Tuesday, June 12, 2012

Top 5 things I learned...#2...Harvard is right

#2 "Read with a pen in your hand and enter in a little book short hints of what you find that is curious or that might be useful; for this will be the best method of imprinting such particulars in your memory, where they will be ready on some future occasion to adorn and improve your conversation." -Benjamin Franklin

Harvard has posted on their website a page titled, "Six Reading Habits to Develop in Your First Year at Harvard."  What is their number 2?  My classroom calls it "jotting".  Harvard calls it "annotating." Benjamin Franklin calls it "short hints".  No matter what the name is...active engagement and interaction with a text will support students in comprehension, engagement, and prepare them for future conversations.  I remember how awkward some students felt at the beginning of the year...they were not use to actually "jotting" their thoughts, wonders, confusions, or "ah-ahs" on paper.  There was the feeling of "jotting" a right response.  After much, much, much modeling, students learned that jotting is more than post-its.  It is determining what you want to hold onto after previewing a book to support your understanding.  It is determining the point in which the student entered into engagement with the text.  It is noting points of confusion, new words, or monitoring comprehension.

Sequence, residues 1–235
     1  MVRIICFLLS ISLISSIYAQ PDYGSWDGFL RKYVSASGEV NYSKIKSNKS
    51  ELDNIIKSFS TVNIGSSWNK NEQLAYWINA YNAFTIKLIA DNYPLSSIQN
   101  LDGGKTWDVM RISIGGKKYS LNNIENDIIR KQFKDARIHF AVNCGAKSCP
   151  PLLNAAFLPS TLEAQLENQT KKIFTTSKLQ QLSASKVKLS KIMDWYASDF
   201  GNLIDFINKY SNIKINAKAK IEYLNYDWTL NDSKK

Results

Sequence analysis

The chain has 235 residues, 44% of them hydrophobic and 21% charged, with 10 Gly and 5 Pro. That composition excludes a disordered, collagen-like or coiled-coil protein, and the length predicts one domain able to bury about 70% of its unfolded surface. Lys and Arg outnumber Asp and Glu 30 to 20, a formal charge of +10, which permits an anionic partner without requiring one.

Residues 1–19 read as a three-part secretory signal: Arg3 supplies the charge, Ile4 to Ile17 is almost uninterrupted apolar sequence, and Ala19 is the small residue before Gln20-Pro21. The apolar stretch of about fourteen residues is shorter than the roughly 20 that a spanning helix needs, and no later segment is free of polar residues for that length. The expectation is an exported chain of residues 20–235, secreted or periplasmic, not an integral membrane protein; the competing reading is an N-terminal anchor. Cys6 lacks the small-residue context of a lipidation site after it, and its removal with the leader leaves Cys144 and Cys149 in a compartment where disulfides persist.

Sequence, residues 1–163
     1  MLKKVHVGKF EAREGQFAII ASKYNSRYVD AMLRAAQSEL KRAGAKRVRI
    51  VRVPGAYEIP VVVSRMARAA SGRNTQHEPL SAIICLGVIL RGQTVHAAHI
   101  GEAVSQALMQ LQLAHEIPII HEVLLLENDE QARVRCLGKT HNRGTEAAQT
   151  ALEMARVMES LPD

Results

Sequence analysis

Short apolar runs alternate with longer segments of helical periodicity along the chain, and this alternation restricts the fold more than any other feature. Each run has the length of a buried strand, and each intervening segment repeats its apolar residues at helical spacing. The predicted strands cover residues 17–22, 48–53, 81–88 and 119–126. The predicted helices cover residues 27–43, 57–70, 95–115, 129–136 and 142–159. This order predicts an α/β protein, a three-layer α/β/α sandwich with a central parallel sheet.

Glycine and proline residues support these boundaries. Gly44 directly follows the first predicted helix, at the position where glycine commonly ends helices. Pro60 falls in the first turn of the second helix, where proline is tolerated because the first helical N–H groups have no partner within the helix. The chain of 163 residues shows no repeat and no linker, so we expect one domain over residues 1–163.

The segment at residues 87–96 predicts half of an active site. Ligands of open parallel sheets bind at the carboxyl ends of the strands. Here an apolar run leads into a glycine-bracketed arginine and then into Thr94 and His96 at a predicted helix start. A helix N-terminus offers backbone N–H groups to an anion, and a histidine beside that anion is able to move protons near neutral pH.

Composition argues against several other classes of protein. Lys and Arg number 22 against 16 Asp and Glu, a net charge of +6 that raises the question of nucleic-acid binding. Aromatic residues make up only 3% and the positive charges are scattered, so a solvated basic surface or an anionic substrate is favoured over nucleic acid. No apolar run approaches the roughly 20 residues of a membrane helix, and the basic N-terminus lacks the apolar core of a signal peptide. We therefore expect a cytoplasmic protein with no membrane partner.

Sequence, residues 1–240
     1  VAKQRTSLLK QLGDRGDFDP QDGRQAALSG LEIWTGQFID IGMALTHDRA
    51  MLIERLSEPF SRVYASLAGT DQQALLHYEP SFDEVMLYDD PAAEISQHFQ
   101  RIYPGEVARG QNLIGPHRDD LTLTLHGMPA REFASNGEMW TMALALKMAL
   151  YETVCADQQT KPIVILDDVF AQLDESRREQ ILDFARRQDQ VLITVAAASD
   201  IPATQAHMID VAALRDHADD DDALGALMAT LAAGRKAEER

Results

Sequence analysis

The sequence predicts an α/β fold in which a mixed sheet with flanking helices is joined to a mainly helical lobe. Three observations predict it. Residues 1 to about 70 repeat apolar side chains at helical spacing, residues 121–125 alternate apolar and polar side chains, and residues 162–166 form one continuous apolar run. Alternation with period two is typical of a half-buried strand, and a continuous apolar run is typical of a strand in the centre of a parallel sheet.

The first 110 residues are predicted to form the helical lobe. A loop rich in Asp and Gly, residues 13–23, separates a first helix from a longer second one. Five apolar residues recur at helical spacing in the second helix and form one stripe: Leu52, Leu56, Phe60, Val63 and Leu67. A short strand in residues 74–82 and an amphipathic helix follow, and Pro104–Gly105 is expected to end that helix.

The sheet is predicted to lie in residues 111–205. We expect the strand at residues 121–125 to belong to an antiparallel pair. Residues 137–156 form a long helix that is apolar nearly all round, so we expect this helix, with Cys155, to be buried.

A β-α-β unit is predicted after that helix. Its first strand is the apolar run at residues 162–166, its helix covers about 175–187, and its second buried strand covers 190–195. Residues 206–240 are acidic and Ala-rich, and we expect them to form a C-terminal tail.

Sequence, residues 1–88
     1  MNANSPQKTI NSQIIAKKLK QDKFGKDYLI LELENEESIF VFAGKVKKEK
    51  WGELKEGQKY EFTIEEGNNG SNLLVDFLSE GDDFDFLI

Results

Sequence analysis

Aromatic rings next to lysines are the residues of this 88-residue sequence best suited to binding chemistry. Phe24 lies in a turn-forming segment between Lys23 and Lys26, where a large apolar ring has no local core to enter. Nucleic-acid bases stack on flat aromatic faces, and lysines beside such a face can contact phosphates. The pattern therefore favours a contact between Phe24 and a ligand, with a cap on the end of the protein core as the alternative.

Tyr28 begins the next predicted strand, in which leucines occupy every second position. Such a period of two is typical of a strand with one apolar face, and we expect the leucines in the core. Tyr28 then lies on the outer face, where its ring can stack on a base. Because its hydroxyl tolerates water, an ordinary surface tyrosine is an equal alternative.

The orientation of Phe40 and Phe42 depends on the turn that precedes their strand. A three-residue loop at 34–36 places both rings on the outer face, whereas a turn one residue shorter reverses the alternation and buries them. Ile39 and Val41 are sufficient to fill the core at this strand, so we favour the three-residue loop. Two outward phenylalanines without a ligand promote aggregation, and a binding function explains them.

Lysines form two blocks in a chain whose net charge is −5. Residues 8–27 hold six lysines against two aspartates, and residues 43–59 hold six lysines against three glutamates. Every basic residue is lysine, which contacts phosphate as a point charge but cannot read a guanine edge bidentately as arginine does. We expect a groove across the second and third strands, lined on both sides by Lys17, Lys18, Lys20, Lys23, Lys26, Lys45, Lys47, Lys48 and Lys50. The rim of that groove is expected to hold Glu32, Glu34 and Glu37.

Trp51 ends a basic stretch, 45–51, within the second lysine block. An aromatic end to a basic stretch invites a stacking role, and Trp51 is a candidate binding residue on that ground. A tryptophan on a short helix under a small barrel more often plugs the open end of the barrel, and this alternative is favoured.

The key to "annotating" was letting the students see all of the tools they could use beyond a highlighter.  In fact, if you read the article, Harvard discourages highlighters.  Read the article to find out why! :)  From post-its, to charts, to diagrams, to line graph's for character feelings...the key is "choice" in the tool.  What do I need to hold onto to understand what I am reading?  What do I think?  And to realize that this thinking matters.  Students will find purpose in jotting if they use it for further conversations and it is connected back to the text.  I often hear..."wait, I jotted about that...let me find it".  Now a student has left a trail of thinking to support their conversation and the conversations are more focused on the text with confidence.

I knew annotating was important.  It is more than note taking.  It occurs with a purpose.  It occurs on a text.  It occurs simultaneously with other reading strategies.  The most important part...it records what the reading experience was like for you.  
"With jotting, it helped me put thoughts into my head and remember the story.  It helped me to think deeply."

"At the beginning of the year I disliked jotting, I felt like it slowed me down.  Now I can't live without jotting."
"I had the choice of when to pause, jot, and when to not."
 Here are some other posts on "jotting":

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